I have a confession to make. I’m slightly obsessed with castles, and I knew that we had to visit Wawel Castle in Krakow. (Long term readers won’t be very surprised – I have form in this area – exploring them, staying in them, insisiting my family stop at them on car trips etc.)
Wawel Castle is a sprawling patchwork of history – personal and political stories that you can explore on foot. I learned that the Wawel Royal Castle and the Wawel Hill constitute the most historically and culturally significant site in the country.
My only disappointment with our city break to Krakow is that we hadn’t visited sooner. The medieval city had been calling our names for a fair amount of time, so one grey January day I seized the wanderlust zeitgeist and booked in a load of city breaks – including Krakow. Finally! As a result, this is my (entirely subjective) Krakow what to do list.
We visited in May as the weather should be fairly settled, and it’s the beginning shoulder season (compared to July/August when a lot of schools have their summer holidays) which means that tourist season hasn’t begun yet.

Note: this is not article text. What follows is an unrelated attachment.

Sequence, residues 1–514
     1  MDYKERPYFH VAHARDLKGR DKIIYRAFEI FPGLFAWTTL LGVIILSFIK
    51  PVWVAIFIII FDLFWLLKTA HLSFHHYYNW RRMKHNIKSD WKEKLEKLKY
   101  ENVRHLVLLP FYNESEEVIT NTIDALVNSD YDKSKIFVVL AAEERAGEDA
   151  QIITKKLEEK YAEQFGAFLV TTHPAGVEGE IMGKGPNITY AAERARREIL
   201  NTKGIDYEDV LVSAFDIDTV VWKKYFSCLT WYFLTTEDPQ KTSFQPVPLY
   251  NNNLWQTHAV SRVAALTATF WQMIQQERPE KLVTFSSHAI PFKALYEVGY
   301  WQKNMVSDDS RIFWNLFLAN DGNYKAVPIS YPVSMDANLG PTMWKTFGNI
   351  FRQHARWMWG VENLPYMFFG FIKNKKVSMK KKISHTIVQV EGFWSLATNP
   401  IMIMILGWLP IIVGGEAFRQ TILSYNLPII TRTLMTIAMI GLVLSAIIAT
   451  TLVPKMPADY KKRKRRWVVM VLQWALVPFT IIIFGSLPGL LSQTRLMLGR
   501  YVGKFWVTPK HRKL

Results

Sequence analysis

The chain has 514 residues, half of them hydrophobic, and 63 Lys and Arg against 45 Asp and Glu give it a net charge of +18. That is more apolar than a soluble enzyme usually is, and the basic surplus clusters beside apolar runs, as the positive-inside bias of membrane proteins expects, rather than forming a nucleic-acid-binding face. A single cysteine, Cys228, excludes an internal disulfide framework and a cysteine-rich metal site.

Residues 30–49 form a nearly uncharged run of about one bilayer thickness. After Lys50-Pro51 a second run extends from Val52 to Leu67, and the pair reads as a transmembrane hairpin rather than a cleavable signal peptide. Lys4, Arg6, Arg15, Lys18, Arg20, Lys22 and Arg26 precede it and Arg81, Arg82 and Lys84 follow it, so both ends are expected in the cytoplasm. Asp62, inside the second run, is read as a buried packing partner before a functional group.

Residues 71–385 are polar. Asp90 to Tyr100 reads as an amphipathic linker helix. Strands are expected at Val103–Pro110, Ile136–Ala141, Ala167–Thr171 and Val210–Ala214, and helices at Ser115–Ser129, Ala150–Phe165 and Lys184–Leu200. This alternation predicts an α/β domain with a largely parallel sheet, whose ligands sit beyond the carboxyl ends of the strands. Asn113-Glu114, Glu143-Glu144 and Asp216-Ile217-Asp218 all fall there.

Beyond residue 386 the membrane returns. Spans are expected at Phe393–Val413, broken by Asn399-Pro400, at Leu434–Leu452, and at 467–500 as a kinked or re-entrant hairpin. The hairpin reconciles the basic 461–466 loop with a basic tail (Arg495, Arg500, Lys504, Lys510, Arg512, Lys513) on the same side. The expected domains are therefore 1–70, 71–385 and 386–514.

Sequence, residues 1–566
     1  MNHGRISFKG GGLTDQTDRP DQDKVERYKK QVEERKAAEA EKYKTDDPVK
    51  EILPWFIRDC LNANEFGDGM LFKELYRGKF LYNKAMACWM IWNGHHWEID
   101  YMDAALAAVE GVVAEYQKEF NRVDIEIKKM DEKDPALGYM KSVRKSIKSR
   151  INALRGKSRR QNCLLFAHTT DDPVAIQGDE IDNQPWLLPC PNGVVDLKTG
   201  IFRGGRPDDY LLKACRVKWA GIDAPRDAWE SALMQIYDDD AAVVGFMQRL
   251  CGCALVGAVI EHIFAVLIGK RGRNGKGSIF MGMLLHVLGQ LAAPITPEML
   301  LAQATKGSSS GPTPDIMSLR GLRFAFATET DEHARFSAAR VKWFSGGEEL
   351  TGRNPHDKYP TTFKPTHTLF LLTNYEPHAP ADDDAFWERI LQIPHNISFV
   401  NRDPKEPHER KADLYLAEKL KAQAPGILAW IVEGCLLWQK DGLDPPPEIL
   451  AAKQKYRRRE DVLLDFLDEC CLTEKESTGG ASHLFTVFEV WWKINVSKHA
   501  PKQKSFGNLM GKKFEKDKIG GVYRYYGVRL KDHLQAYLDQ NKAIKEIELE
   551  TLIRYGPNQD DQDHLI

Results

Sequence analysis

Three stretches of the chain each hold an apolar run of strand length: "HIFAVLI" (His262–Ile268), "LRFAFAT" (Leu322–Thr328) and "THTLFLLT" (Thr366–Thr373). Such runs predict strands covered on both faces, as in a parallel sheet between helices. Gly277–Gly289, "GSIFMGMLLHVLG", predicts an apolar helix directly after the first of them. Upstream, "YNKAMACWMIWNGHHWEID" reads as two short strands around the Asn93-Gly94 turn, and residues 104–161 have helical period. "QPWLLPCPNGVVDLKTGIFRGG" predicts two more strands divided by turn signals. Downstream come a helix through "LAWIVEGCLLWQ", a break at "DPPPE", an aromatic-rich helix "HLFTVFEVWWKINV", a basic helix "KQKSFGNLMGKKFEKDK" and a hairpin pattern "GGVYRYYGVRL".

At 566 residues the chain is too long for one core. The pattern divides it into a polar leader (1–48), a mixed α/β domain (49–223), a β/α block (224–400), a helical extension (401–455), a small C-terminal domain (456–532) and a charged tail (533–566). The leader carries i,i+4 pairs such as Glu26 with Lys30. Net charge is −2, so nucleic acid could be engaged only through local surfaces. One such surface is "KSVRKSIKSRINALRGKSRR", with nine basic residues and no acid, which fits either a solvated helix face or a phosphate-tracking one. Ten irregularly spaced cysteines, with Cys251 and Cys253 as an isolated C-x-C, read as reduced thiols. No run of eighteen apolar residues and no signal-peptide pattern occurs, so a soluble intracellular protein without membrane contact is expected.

Europe to me is history pages that have come alive – ancient stone bearing scars and flowering gardens full of stories to come. But the simple question on most city trippers lips when they visit the Czech capital is ‘what are the best things to do in Prague?’
How do you encapsulate an entire city spanning more than a thousand years – during which time the city grew from the Vyšehrad Castle to the capital of a modern European state, the Czech Republic – in as little as a couple of days and just a few things to see? Honestly, I’m not sure you can really.
With a couple of nights to explore, every time that I investigated where to stay in Rotterdam the newly opened luxury hotel, The James, kept popping up at the top of all of my searches.
Whether it was fate or clever Google remarketing, I’ll never know, but it was such a lovely stay that I’ll chalk it up to fate. (Ps. that’s what I’ll blame all my future booking choices on I think – fates that have excellent taste in luxurious hotels.)
It isn’t often that you visit an incredibly popular tourist attraction and find an afternoon of peace. The Kinderdijk Windmills were designated a UNESCO world heritage site and I was visiting for the heritage – but what I hadn’t counted on was glorious sunshine and a quiet fishermans nook to spend an afternoon in.
Kinderdijk is situated in the Alblasserwaard polder at the coming together of the Lek and Noord rivers. To drain the polder, a system of 19 windmills was built around 1740. This group of mills is the largest concentration of old windmills in the Netherlands.